Materials: Pax and Komplement Series, Cutter, Jigsaw
Description: This hack pursued 3 objectives:
* It should allow a computer desk * It should give room to more than 100 pairs of shoes * It should look “complete” 🙂
Objective 1: Desktop
For objective 1, I used 2 70cm wall PAX module doors, leaving 2 shelves open to lay the computer table. All the cabling goes behind, the bunch of cables you see are just the temporary USB connectors to download these photos 🙂
Objective 2: The shoe-lution
ORIGIN: For objective 2, we were coming from 1.5m wardrobe, filled up with 10 Skubb modules to fit 100 pairs.
PROBLEM: You cannot see the shoes, so you have to “remember” a show, and then look for it.
SOLUTION: The shoe-lution was to use a corner module (1m of doors, but 1.5m of space :), and use its depth to place left shoe BEHIND the right one on every pair, so you can see each model, try it on, and if it suits, just grab the one behind it 🙂
TRICK 1: Don’t go very high (it would be difficult to reach the pair right in the corner), or use a BOLMEN stool (top-right). As always, the shelf placement and the hinges will drive you NUTS 🙂 (4 attempts 🙂
TRICK 2: You can also cover each shelf with tiny floor mats to avoid dirt, but we liked the clean look of the shoes over white wood.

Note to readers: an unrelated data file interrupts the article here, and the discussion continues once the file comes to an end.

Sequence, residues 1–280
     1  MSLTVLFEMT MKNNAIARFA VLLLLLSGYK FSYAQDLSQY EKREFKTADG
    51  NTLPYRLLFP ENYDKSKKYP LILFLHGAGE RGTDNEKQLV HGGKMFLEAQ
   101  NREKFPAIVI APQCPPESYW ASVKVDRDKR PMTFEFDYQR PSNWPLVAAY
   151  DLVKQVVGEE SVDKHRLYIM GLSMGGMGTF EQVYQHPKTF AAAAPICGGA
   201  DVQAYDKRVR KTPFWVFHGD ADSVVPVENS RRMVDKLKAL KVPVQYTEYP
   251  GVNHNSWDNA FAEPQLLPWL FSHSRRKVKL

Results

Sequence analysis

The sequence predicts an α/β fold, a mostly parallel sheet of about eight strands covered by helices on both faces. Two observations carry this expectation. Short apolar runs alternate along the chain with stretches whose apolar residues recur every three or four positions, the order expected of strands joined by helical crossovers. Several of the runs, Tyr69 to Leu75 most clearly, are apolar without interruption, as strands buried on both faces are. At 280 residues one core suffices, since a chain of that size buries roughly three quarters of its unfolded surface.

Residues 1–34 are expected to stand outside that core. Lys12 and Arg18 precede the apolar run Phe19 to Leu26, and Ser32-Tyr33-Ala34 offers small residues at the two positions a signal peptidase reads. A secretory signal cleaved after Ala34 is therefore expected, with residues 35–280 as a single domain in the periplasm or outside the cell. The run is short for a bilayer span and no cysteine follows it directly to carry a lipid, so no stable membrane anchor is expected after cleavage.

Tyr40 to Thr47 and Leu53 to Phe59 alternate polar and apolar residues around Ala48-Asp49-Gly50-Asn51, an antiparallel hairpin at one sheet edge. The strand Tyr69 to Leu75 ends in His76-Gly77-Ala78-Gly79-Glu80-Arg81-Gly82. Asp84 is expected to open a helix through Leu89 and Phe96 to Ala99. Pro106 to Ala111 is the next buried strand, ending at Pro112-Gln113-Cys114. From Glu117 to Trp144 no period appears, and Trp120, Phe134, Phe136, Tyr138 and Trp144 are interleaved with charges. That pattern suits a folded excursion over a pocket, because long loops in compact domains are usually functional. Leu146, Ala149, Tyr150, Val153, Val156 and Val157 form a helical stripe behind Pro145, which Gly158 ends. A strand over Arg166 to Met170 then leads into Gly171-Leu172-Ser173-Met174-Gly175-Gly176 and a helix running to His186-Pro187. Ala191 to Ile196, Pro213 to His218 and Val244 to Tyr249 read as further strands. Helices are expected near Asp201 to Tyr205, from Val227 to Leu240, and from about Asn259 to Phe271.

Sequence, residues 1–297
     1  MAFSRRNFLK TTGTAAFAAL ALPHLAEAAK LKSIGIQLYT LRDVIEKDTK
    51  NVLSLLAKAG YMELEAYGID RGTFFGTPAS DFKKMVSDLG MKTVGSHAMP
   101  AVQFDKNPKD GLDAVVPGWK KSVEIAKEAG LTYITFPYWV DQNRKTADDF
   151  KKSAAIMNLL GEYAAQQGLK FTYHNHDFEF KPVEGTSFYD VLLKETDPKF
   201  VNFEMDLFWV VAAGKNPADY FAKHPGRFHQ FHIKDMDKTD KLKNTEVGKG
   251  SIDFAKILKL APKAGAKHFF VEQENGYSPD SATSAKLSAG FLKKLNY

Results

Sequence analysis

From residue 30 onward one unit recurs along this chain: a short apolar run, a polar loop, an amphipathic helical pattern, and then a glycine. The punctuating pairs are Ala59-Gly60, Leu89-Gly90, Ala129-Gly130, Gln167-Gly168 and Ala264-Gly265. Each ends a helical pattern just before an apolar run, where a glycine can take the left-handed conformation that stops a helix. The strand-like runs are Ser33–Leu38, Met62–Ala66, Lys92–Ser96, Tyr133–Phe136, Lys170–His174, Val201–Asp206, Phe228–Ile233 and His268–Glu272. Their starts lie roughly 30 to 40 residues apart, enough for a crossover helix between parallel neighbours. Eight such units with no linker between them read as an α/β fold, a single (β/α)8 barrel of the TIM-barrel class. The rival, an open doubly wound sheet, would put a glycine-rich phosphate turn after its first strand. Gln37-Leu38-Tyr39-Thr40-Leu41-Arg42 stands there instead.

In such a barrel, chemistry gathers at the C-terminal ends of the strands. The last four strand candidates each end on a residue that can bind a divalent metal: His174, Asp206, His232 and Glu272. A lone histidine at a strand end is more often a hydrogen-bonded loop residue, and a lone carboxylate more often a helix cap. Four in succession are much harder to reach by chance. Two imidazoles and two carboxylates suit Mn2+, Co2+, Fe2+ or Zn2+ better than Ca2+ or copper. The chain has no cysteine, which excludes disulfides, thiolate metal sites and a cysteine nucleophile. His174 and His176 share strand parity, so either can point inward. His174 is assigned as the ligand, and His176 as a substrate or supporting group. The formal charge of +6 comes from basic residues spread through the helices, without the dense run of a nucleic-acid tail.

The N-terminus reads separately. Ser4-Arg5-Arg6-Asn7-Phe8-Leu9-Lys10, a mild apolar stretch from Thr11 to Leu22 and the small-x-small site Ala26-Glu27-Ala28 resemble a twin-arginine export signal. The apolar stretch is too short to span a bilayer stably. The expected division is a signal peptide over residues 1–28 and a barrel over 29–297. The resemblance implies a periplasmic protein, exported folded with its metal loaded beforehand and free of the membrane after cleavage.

Objective 3: PAX
PROBLEM: After mounting all, we had 14cm left between the corner module and the rest of the wardrobe.
SOLUTION: As expected, the solution was to cut down a 50cmx195 PAX module to 14cm width 🙂 You only have to cut the top/bottom horizontal shelves, although perfectionists would like to go for the bottom skirting and the back panel too (5 cuts total).
TRICK 1: Notice I only mounted the right side of the PAX, leaving the top/bottom “flying”, since it’s just only 14cm and it fits really tight, thus giving me 2 additional centimeters for space 🙂 (1.9cm panel + 12.1cm shelf = 14 cm one-sided PAX)
TRICK 2: I made these cuts myself with an electric saw. In order to avoid an ugly cut, you can go for:
1. Sandwiching the piece between two before the cuts (these two pieces are called in Spain “martyrs”, since they’ll suffer all the damage leaving you a clean cut in the middle one), so avoiding the melamine (white lining of the wood) to crack.
2. Or just cut the melamine to size with a cutter BEFORE using the saw. Therefore, when the saw goes, the melamine will crack exactly where you cut it 🙂
TRICK 3: For the 14cm door, we went (successfully 🙂 with the Besta push latch, since it was only 14cm wide, and the 120 degree hinges of the corner module next to it rendered it almost necessary to avoid the door crashing with the LANSA handlers. We mounted it on top (195cm door), which is perfectly accessible)
TRICK 4: The door was the really visible part, so I went to a local wood smith for the cuts. They usually make the cuts on the fly for free (it took approx 90 seconds), and machine finished the edges with melamine (although you can do it by yourself also) for a grand total of 5€. Trust me, it’s really worth it for the finish, and you don’t have to vacuum the full house after using your electric saw 🙂